Shunryu Suzuki Roshi, founder of the San Francisco Zen Center, died 40 years ago yesterday -- December 4, 1971. At my Zen center the teachers read bits of Suzuki Roshi's talks.
One of these bits was the story of the real dragon, which was taken from a Chinese folk tale. If you're a Zen student you've probably heard it, but here it is for everyone else --
There was a man named Yeh Kung-tzu (or, in Japan, Seiko) who was passionate about dragons. He read books about dragons; he talked about dragons; he painted pictures of dragons. He filled his house with dragon figurines.
One day a dragon heard about Yeh Kung-tzu and thought, how lovely that this man appreciates us. It would surely make him very happy to have a visit from a real dragon.
So the kindly dragon flew to Yeh Kung-tzu's house and went inside, to find the man asleep. Then he woke up, saw the dragon -- and screamed. He was so terrified he could barely move, but then he grabbed a sword. Before he could strike, the dragon flew away.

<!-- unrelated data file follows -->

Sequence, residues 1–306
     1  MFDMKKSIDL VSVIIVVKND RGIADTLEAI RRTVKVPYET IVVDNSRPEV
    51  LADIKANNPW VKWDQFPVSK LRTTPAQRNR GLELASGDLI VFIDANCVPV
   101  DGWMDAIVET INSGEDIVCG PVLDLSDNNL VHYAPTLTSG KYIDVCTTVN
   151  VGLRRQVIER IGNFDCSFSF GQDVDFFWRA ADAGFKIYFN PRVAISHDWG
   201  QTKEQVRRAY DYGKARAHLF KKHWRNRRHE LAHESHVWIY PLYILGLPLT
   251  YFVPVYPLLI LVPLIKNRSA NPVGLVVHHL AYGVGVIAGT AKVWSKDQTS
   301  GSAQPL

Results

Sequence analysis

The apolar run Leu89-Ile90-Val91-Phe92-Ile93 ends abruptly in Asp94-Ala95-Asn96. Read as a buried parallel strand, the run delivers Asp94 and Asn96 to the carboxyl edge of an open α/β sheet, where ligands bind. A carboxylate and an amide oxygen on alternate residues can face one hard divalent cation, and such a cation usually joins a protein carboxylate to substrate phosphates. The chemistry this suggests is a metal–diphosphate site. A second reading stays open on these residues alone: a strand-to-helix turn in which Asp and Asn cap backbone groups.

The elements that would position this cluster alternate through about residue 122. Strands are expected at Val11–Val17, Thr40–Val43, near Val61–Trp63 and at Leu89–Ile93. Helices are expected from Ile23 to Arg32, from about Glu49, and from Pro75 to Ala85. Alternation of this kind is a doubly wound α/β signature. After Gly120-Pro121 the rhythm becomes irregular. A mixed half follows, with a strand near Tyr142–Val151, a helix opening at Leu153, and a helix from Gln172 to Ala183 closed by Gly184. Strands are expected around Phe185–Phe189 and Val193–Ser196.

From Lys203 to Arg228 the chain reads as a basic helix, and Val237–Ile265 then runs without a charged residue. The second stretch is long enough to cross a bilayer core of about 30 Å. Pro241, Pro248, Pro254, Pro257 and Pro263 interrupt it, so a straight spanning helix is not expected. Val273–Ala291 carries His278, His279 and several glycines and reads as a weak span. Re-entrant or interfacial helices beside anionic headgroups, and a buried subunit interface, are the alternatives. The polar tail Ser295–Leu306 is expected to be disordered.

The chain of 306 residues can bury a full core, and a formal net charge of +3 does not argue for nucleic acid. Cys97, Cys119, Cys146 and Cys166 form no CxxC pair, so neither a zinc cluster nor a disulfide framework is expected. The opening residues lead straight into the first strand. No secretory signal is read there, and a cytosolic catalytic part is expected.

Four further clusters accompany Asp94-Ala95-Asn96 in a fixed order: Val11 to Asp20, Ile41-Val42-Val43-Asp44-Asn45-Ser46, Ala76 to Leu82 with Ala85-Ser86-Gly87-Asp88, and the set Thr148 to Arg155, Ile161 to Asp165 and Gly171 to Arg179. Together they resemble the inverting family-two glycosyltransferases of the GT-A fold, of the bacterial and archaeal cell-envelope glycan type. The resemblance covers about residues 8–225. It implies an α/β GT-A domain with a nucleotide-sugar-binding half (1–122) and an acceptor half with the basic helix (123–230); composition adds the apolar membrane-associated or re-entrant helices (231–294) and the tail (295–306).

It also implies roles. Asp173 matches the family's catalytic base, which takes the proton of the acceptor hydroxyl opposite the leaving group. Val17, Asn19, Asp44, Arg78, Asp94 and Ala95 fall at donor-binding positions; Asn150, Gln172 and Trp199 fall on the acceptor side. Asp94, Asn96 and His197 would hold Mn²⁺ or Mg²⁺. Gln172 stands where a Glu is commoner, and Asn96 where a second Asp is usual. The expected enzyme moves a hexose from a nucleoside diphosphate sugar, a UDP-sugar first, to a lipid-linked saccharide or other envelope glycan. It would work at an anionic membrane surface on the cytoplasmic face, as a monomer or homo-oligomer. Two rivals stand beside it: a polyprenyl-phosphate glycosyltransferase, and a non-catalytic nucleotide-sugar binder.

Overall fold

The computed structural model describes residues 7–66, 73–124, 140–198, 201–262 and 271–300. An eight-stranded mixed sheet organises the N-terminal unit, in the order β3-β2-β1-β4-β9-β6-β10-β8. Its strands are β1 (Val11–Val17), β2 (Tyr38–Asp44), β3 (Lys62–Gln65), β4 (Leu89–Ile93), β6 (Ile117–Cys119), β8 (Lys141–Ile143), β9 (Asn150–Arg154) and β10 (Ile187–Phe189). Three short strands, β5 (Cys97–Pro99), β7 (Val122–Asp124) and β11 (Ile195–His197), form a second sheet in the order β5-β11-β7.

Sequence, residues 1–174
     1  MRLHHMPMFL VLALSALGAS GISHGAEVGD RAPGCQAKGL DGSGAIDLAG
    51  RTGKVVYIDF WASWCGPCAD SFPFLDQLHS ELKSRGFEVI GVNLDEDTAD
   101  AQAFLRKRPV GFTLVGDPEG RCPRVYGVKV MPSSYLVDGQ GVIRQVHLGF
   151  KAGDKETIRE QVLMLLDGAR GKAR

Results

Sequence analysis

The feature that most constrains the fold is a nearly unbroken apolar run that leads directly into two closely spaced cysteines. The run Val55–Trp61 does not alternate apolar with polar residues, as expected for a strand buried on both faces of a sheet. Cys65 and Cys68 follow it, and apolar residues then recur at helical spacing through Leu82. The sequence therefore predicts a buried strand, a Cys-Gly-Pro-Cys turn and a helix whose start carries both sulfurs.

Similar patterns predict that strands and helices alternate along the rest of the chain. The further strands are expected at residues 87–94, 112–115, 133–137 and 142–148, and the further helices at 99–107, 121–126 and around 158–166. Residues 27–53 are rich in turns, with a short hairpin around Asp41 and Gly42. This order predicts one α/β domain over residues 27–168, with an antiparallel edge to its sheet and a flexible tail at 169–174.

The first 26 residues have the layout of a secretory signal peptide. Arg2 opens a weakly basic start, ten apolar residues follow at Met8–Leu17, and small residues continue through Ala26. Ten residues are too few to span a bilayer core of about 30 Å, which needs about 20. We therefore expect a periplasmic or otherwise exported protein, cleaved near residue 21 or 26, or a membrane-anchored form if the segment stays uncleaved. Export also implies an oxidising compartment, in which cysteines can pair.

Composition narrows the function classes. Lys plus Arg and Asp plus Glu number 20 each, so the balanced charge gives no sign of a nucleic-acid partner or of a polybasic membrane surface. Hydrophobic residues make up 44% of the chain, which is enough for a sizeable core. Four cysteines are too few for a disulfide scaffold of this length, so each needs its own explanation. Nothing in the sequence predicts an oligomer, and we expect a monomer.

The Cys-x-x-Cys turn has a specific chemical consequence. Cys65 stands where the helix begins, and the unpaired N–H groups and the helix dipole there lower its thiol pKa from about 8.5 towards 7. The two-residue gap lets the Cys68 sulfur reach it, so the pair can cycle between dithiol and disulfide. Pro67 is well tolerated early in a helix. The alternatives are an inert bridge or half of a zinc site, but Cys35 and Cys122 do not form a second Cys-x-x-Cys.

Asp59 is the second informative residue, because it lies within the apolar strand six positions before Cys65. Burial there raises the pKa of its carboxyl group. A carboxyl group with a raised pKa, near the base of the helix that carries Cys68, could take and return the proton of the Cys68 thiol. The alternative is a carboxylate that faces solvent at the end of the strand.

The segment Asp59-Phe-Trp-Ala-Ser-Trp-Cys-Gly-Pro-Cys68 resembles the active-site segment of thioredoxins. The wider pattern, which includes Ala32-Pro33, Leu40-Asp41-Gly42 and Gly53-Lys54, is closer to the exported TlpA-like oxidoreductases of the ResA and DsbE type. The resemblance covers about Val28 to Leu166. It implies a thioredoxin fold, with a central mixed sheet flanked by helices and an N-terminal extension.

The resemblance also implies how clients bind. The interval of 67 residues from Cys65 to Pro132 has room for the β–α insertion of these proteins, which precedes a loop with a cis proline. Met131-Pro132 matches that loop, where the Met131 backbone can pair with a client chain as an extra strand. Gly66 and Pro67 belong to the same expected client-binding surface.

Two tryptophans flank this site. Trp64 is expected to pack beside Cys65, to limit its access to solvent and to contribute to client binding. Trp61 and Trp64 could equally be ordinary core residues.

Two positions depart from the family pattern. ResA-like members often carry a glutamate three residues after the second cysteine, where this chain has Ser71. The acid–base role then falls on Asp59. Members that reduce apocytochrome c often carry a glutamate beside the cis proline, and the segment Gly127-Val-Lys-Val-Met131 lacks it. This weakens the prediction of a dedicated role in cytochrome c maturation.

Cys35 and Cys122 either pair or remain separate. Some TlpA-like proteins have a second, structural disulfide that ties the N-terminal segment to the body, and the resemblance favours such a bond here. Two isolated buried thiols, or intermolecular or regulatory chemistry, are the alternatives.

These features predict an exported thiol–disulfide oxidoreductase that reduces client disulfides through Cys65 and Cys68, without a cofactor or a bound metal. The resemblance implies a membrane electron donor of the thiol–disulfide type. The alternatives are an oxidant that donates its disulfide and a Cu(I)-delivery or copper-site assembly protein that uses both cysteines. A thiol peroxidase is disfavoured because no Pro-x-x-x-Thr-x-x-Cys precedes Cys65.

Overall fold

This story can be interpreted many ways, but it struck me yesterday that it's not a bad metaphor for a lot of us in the West who develop an enthusiasm for Buddhism. We read lots of books and fill our houses with Buddha figures. But we may hold back from committing to a practice tradition or a teacher and feel no need to take the refuges.
And I'm saying "we" here because I've been in that same place myself.
One of my other favorite metaphors is that we all live in a box, and the walls of the box are made up of who we think we are and what we think life is supposed to be. We like to decorate the box with Buddha figures or anything else that seems to make us a little happier.
But the Buddha taught that the way to liberation is realizing the box is an illusion. If we're just using dharma as a kind of decoration, we're like Yeh Kung-tzu, who loved his dragon figurines but was terrified of the real thing.
Suzuki Roshi's point seems to have been that people who have been practicing for awhile sometimes get into a rut and are just going through the motions, or we practice without right intention and right view. This is like filling our houses with dragon figurines while shutting out the real dragon. "That is why we have to start our practice over and over," he said.